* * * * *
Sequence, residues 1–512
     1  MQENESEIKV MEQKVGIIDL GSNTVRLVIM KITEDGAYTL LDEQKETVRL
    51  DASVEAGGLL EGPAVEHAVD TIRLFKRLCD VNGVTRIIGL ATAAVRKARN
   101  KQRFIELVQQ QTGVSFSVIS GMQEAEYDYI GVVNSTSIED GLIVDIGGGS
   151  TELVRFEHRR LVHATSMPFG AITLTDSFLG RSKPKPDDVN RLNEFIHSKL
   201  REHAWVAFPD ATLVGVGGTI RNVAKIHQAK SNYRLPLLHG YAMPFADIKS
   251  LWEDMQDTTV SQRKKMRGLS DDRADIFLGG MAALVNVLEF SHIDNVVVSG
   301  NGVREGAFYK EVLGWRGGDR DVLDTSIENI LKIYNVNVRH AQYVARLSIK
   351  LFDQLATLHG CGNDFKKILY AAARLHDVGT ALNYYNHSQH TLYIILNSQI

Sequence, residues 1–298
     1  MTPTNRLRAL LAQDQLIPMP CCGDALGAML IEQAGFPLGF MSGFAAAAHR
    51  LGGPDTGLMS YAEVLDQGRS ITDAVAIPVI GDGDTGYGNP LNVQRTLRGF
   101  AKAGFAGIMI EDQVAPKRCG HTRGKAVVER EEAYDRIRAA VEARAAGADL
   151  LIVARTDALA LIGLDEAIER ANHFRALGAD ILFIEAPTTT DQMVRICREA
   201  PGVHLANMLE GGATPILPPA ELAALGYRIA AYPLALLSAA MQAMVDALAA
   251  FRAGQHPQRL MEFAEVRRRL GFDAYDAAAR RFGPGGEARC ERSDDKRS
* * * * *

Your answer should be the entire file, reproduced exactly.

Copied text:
Sequence, residues 1–512
     1  MQENESEIKV MEQKVGIIDL GSNTVRLVIM KITEDGAYTL LDEQKETVRL
    51  DASVEAGGLL EGPAVEHAVD TIRLFKRLCD VNGVTRIIGL ATAAVRKARN
   101  KQRFIELVQQ QTGVSFSVIS GMQEAEYDYI GVVNSTSIED GLIVDIGGGS
   151  TELVRFEHRR LVHATSMPFG AITLTDSFLG RSKPKPDDVN RLNEFIHSKL
   201  REHAWVAFPD ATLVGVGGTI RNVAKIHQAK SNYRLPLLHG YAMPFADIKS
   251  LWEDMQDTTV SQRKKMRGLS DDRADIFLGG MAALVNVLEF SHIDNVVVSG
   301  NGVREGAFYK EVLGWRGGDR DVLDTSIENI LKIYNVNVRH AQYVARLSIK
   351  LFDQLATLHG CGNDFKKILY AAARLHDVGT ALNYYNHSQH TLYIILNSQI

Sequence, residues 1–298
     1  MTPTNRLRAL LAQDQLIPMP CCGDALGAML IEQAGFPLGF MSGFAAAAHR
    51  LGGPDTGLMS YAEVLDQGRS ITDAVAIPVI GDGDTGYGNP LNVQRTLRGF
   101  AKAGFAGIMI EDQVAPKRCG HTRGKAVVER EEAYDRIRAA VEARAAGADL
   151  LIVARTDALA LIGLDEAIER ANHFRALGAD ILFIEAPTTT DQMVRICREA
   201  PGVHLANMLE GGATPILPPA ELAALGYRIA AYPLALLSAA MQAMVDALAA
   251  FRAGQHPQRL MEFAEVRRRL GFDAYDAAAR RFGPGGEARC ERSDDKRS